This Week in New York Insider's Guide to Arts & Culture in New York City Since 2001

29Jun/18

LOVE, CECIL

Love, Cecil

Documentary reveals Sir Cecil Beaton to be an ambitious dandy with many talents (courtesy of the Cecil Beaton Studio Archives at Sotheby’s)

LOVE, CECIL (Lisa Immordino Vreeland, 2017)
Film Society of Lincoln Center, Francesca Beale Theater
Elinor Bunin Munroe Film Center
144 West 65th St. between Broadway & Amsterdam Aves.
Opens Friday, June 29
212-875-5600
www.filmlinc.org
zeitgeistfilms.com

Love, Cecil is a refreshing, invigorating documentary about Oscar- and Tony-winning fashion and war photographer, diarist, production designer, painter, portraitist, costume designer, illustrator, and one of the most influential dandies of the twentieth century, Sir Cecil Beaton. Writer-director Lisa Immordino Vreeland has followed up her first two feature-length films, Diana Vreeland: The Eye Has to Travel, and Peggy Guggenheim: Art Addict — she is Diana Vreeland’s granddaughter-in-law — with another behind-the-scenes journey into the art world and high society, this time explored through the lens of Beaton, who was on a neverending quest to find beauty and success in every part of his life and career. “I started out with very little talent, but I was so tormented with ambition. Once you’ve started for the end of the rainbow, you can’t very well turn back,” he wrote in one of his numerous published diaries, quotes from which are read in voiceover by Rupert Everett throughout the film. The rather self-effacing Beaton, who was born in Hampstead in 1904, was never satisfied, always wanting more. “I exposed thousands of rolls of film, wrote hundreds of thousands of words, in a futile attempt to preserve the fleeting moment,” Everett narrates.

Love, Cecil

Cecil Beaton catches up on some news in fab documentary, Love, Cecil (courtesy of the Cecil Beaton Studio Archives at Sotheby’s)

A member of Britain’s aristocratic Bright Young Things in the 1920s, Beaton went on to photograph such celebrities as Marilyn Monroe, Orson Welles, Marlene Dietrich, Gary Cooper, Judy Garland, Sugar Ray Robinson, Mick Jagger, and, perhaps most prominently, Queen Elizabeth and the royal family — and he wasn’t afraid to speak his mind about some of his subjects and acquaintances, saving his finest vitriol for Evelyn Waugh, Noël Coward, Katharine Hepburn, and Elizabeth Taylor and Richard Burton. He was taken with patrons Stephen Tennant and Peter Watson, artist and designer Oliver Messel, Olympic fencer Kin Hoitsma, and Greta Garbo, some of whom became his lovers. His tempestuous relationship with Garbo is one of the highlights of the film. Vreeland, cinematographer Shane Sigler, and editor Bernadine Colish maintain a slow, witty, stylish pace, matching Beaton’s general comportment. In addition to home movies, personal photographs, newspaper articles, and archival footage of Beaton on talk shows, the film includes new, revealing interviews with designer Isaac Mizrahi, actors Leslie Caron and Peter Eyre, Vogue international editor at large Hamish Bowles, auctioneer and historian Philippe Garner, model and writer Penelope Tree, Beaton’s sisters Nancy Lady Smiley and Baba Hambro, former museum director Sir Roy Strong, designer Manolo Blahnik, dance critic Alastair Macaulay, interior designer Nicky Haslam, artist David Hockney, and Beaton’s longtime butler, Ray Gurton. There’s a wonderful scene with Diana Vreeland and Truman Capote, and photographer David Bailey gives fabulous insight into his 1971 film, Beaton by Bailey, which Beaton was not very fond of. “There is scarcely a flattering self-portrait, yet truth begins with oneself,” Everett recites from a diary.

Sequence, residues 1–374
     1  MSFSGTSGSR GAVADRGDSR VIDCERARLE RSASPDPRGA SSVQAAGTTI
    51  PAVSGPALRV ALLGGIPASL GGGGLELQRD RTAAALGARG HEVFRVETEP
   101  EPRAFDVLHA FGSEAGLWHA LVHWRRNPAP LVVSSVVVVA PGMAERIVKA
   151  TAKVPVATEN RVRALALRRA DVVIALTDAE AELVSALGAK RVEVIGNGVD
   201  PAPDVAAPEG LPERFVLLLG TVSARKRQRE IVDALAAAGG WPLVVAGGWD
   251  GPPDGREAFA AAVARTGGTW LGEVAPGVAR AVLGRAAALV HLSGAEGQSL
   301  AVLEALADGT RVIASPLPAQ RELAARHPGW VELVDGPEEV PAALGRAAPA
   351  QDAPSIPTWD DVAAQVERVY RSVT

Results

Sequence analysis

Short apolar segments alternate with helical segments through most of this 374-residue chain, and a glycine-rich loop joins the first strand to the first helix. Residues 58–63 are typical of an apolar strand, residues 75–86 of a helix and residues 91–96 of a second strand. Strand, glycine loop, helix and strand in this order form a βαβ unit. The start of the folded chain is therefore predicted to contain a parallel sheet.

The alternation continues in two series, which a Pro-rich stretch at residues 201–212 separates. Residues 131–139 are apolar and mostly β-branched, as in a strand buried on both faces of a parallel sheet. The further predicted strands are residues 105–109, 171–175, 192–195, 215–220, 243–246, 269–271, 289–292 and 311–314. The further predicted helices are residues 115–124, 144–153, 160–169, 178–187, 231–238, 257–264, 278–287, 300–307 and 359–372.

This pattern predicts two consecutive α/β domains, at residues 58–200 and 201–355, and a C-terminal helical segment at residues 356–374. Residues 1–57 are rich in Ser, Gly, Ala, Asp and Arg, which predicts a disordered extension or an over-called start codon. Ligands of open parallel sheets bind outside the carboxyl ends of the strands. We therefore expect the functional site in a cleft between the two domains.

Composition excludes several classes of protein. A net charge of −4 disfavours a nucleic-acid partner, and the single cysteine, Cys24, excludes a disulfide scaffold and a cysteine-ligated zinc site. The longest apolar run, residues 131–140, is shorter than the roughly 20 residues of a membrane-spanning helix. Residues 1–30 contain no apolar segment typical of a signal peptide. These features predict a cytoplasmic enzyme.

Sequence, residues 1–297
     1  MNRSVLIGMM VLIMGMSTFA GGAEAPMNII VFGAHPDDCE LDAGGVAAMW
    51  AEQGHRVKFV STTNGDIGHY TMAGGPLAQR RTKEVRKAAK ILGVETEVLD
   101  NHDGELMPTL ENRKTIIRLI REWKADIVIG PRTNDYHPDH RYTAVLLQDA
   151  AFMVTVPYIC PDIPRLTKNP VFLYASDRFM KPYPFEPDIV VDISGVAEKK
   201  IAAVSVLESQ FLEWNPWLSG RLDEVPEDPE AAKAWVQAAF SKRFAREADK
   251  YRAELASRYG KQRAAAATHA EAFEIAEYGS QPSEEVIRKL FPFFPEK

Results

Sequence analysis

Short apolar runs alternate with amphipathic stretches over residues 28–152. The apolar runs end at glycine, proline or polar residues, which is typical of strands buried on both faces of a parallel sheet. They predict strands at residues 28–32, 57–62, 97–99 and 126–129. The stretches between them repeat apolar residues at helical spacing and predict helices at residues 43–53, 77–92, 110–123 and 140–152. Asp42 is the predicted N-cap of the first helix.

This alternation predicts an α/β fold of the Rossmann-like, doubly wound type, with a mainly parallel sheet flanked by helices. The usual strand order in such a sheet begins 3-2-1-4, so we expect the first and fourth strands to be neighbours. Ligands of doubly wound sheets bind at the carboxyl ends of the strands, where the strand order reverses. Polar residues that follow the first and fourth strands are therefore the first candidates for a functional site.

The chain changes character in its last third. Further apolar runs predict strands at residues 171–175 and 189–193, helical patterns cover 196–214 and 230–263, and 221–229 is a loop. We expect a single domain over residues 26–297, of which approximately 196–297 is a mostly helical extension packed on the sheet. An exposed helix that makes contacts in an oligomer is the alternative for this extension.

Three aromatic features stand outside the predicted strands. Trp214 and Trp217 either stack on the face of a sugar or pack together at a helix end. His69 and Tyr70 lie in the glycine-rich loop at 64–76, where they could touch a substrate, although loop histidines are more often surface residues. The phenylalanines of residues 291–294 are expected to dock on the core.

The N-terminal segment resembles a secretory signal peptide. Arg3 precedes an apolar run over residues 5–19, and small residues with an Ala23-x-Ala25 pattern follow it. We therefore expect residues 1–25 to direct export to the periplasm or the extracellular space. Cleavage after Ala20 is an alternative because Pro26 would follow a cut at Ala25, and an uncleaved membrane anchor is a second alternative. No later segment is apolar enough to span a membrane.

“His life was a stage,” notes biographer Hugo Vickers, while photographer Tim Walker explains, “He had a relationship with the idea of the person, not actually the person. There’s truth in fantasy.” Beaton, who redefined fashion layouts while working at Vogue and Vanity Fair, likely would feel right at home in today’s world of selfies and social media, where everyone can create and flaunt their fame. Beaton won four Tonys and three Oscars (including Best Costume Design for the original Broadway production of My Fair Lady and Best Costume Design and Best Art Direction for the movie) and is shown to be both vain and insecure, proud and melancholic, because of and despite his success. Vreeland often cuts to calming shots of Ashcombe House and Reddish House, where Beaton found peace in his garden and with his beloved cat, away from all the hubbub of high society. A splendidly dandy doc, Love, Cecil opens June 29 at the Francesca Beale Theater at Lincoln Center, with Vreeland participating in Q&As after the 7:15 show on June 29 and the 1:15 screening on June 30 (with Sigler) and introducing the 9:45 show on June 29 and the 3:30 screening on June 30.

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